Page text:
The new Federal Rule of Civil Procedure 37(e)(1) allows courts to order relief for the unintentional spoliation of Electronically Stored Information in the form of “measures no greater than necessary to cure the prejudice” to the innocent party. But who bears the burden of proving or disproving “prejudice” and – if the burden of proof falls on the moving party – how can one demonstrate the significance of information that was never in its possession?
In Living Color Enterprises, Inc. v. New Era Aquaculture, Ltd., 2016 WL 1105297 (S.D.Fla. March 22, 2016), the plaintiff filed a motion for sanctions as a result of the defendant’s loss of text messages. In their briefs, the parties agreed that the amended Federal Rule of Civil Procedure 37(e) applied to the plaintiff’s motion, which sought an order striking the defendant’s pleadings, the entry of a default judgment, an adverse inference, and reasonable attorneys’ fees and costs. The defendant conceded that his duty to preserve emails and text messages arose when the lawsuit was filed on September 5, 2014, and that he negligently failed to preserve his text messages, which were deleted because of a setting on his cell phone that automatically deleted his texts after 30 days.
In performing its analysis under Rule 37(e), the court initially asked these questions and answered all of them in the affirmative (at least in part):
- Does the alleged spoliation involve ESI?
- Was the allegedly spoliated ESI evidence that should have been preserved?
- Was the allegedly spoliated ESI lost because a party failed to take reasonable steps to preserve it?
- Is the allegedly spoliated ESI evidence that cannot be restored or replaced through additional discovery?
Having answered “yes” to all of these questions, the court then turned to the issue of whether the plaintiff suffered prejudice as a result of the lost ESI. Initially, the court noted that under the Advisory Committee’s Note to Rule 37(e), “the rule does not place a burden of proving or disproving prejudice on one party or the other” as “determining the content of lost information may be a difficult task… and placing the burden of proving prejudice on the party that did not lose the information may be unfair.” On the other hand, the Committee Note provides, “the content of the lost information may be fairly evident, the information may appear to be unimportant, or the abundance of preserved information may appear sufficient to meet the needs of all parties,” so requiring the moving party to prove prejudice “may be reasonable in such situations.”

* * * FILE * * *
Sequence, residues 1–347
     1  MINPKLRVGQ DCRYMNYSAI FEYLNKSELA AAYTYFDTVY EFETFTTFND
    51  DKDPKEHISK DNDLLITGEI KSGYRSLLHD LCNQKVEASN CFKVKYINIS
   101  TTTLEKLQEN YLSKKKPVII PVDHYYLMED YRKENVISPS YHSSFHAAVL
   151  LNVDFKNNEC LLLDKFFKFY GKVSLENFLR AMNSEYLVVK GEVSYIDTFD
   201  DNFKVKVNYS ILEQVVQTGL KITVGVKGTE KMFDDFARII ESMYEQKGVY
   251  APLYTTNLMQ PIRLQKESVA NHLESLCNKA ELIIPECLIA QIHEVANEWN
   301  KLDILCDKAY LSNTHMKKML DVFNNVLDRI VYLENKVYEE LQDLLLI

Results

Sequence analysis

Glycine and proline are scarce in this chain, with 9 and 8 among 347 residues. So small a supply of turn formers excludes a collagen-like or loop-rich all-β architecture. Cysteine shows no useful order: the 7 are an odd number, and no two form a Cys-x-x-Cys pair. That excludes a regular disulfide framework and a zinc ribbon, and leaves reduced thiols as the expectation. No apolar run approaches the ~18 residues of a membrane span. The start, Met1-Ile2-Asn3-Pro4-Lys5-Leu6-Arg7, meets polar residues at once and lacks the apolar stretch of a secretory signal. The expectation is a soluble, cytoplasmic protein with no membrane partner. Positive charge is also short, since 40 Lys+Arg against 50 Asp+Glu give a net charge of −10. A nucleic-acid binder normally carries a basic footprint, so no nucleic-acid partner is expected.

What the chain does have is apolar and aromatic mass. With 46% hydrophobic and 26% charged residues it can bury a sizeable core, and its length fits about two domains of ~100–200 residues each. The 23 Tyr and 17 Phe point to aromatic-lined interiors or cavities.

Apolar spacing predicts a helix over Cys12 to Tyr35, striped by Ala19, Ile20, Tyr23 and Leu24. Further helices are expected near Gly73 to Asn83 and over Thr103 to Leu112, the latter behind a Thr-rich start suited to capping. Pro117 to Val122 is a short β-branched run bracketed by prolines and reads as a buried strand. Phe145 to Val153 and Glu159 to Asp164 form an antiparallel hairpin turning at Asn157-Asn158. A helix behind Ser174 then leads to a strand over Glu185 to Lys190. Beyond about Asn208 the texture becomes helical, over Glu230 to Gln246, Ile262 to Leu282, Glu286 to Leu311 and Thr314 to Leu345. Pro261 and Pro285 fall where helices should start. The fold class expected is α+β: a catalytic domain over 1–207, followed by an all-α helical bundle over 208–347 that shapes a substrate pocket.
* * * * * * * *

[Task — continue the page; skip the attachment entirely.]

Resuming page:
Without expressly stating which party bore the burden of proving or disproving prejudice, it appears that the court nevertheless placed that burden on the plaintiff, the moving party. Specifically, the court noted that the plaintiff failed to explain: “any direct nexus” between the missing text messages and the allegations in the complaint; how the missing text messages would establish specific facts at issue in the case; why the missing texts were important; or why other information produced in the case was not sufficient to meet the plaintiff’s needs. In short, the court found there to be no prejudice or, “if there was any prejudice to Plaintiff at all, it was so minimal that the Court does not find it necessary to order measures to cure the alleged prejudice.”
The court then also found that the defendant was merely negligent in erasing the text messages, and that he did not act with “intent to deprive” the plaintiff of the information in the litigation. Specifically, the court opined that there was “nothing nefarious” about the defendant’s “routine practice” prior to the litigation of activating (but failing to deactivate) a setting on his phone, which automatically deleted text messages after 30 days. Thus, the court found that sanctions for intentional spoliation were not warranted under Rule 37(e)(2). Accordingly, the court denied the plaintiff’s motion for sanctions altogether.
This case continues to underscore the quandary that the moving party faces in establishing prejudice under Rule 37(e)(1): how can one who never had access to lost information prove its contents, that those contents were relevant, or that the loss of the information was prejudicial to the moving party’s case? Courts and parties will continue to grapple with this conundrum, but based on the court’s opinion in Living Color, it appears that at a minimum, courts may require the moving party to at least posit some nexus or connection between the importance of the lost ESI to the facts or claims in the case.